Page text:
Tudhope Anderson Co. Warehouse


239 10 Avenue SE



     Considered to be the oldest extant warehouse in Calgary, the Tudhope Anderson  Co. Building was constructed in 1906 by the well-known agricultural equipment and automobile sales agency. One of twenty-three wholesale implement and machinery warehouses promoted by civic boosters in 1909, the warehouse was occupied by the Tudhope Anderson Co. from 1906 to 1921.  Also considered to be among the first recycled warehouse buildings, the structure is recognized for its adaptive re-use in the early 1980s.

     As the distribution of goods throughout the West was dependent upon the railway, the pattern of wholesale development in Calgary was determined by the location of the C.P.R. freight yards. In addition, Calgary was given a distinct freight advantage in 1902, increasing the attractiveness of the city as a jobbing centre.  Tudhope Anderson represented eight Canadian and American manufacturers, among them International Harvest, the Tudhope Carriage Company, and the Indiana Road Machine Company. Following 1921, the warehouse was occupied by a number of other companies including the Hendley Shaw Milling Company of Calgary & Bekins Moving & Storage. An attractive site for Bekins because of the large adjacent lot, the structure was slightly modified by garage and maintenance shop additions that were used to service the motorized fleet of the moving company. All of these enterprises provided employment for residents in the neighbouring community of Victoria Park. It was estimated that the labour force associated with the warehouse district grew from 1,000 in 1909 to over 4,000 in 1913, no doubt a contributing factor to the intense residential development in Victoria Park prior to the First World War.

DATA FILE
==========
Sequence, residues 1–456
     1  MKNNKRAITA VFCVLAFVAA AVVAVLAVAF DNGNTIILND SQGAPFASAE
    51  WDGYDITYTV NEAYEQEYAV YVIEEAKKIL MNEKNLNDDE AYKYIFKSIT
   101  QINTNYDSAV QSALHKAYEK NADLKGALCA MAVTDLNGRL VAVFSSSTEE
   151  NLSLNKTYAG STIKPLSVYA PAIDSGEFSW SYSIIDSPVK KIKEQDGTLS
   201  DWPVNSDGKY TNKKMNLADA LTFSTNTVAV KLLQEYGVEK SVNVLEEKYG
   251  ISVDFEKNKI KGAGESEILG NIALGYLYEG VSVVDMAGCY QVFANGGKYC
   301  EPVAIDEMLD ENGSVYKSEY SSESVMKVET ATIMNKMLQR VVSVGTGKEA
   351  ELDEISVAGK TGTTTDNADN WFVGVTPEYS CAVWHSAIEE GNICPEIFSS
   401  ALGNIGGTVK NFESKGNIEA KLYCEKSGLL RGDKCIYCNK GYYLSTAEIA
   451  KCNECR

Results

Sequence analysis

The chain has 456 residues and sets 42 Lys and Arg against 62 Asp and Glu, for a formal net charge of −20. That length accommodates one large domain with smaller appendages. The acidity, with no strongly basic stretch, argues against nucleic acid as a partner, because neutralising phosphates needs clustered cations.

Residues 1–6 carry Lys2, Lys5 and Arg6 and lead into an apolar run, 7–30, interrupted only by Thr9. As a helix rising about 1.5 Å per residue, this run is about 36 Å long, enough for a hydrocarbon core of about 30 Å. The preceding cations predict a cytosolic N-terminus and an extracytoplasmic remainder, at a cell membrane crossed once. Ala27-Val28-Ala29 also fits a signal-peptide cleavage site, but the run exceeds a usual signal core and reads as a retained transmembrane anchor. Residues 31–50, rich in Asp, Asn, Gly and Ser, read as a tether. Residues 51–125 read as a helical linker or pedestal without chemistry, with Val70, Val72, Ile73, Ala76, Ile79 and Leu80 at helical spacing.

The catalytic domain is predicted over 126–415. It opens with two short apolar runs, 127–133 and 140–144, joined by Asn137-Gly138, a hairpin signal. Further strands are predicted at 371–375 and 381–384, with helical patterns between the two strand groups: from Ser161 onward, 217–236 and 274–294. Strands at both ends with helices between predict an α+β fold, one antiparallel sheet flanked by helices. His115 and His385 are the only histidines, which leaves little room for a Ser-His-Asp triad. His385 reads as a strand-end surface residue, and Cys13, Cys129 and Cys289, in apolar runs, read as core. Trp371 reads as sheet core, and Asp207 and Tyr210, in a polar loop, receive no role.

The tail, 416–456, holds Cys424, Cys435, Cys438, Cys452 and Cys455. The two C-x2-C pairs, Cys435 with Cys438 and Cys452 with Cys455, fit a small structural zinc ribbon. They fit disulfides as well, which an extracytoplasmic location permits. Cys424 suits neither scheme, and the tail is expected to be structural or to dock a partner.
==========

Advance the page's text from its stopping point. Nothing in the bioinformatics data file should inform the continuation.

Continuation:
A good representation of early commercial architecture, this building follows the practical solutions given to industrial architecture at the turn of the century.  Buildings were constructed to be larger, sturdier and more resistant to fire. The Tudhope Anderson Building is strong in design. Its facade is enlivened by two central bays with arched windows on top. Along the Macleod Trail facade, the structure is treated with a double bay system with pilaster strips positioned between each pair of windows. A corbelled brick cornice caps the composition.  The ground floor facade windows were originally marked by large display windows, a common treatment in warehouse buildings. These have been greatly altered over the years. The lower floor of the building is well maintained and is now a dining lounge, while the upper storeys serve as offices. This building is significant as it was the first of its kind in the district. Its design and styling were advanced for the day, and represented international building trends.(1982)  The building was painted pink and turquoise in 1993.(1993)  A series of uses have occupied the lower floor, including a dining lounge, comedy bar, and currently, a night club.  (1998)


(Calgary Heritage Authority, Building Summary 02-123)

     Calgary’s oldest remaining warehouse was also among the first to undergo “adaptive reuse” when it was converted into modern offices and a restaurant in the early 1980s.  The Tudhope, Anderson Co., an agency that represented eight different agricultural implement manufacturers, occupied the building from 1906-21.  Later occupants included the Hedley Shaw Milling Co., Oliver Agricultural Implements, James Storage & Cartage, and, finally, Bekins Moving & Storage, before the building’s restoration in 1980.  A 1993 pink and turquoise colour scheme was sandblasted off a decade later.  The two round-headed rear loading bays have been closed in with concrete block and glass, forming Palladian-style windows that match the arched front entrance and east-facing rounded window.  The front façade has been severely modified. 


(Historic Walks of Calgary, Harry Sanders, 2005, Red Deer: Red Deer Press, pp.293-294)











  . to offer comments, corrections, or improvements to this article, email: heritage@beltline.ca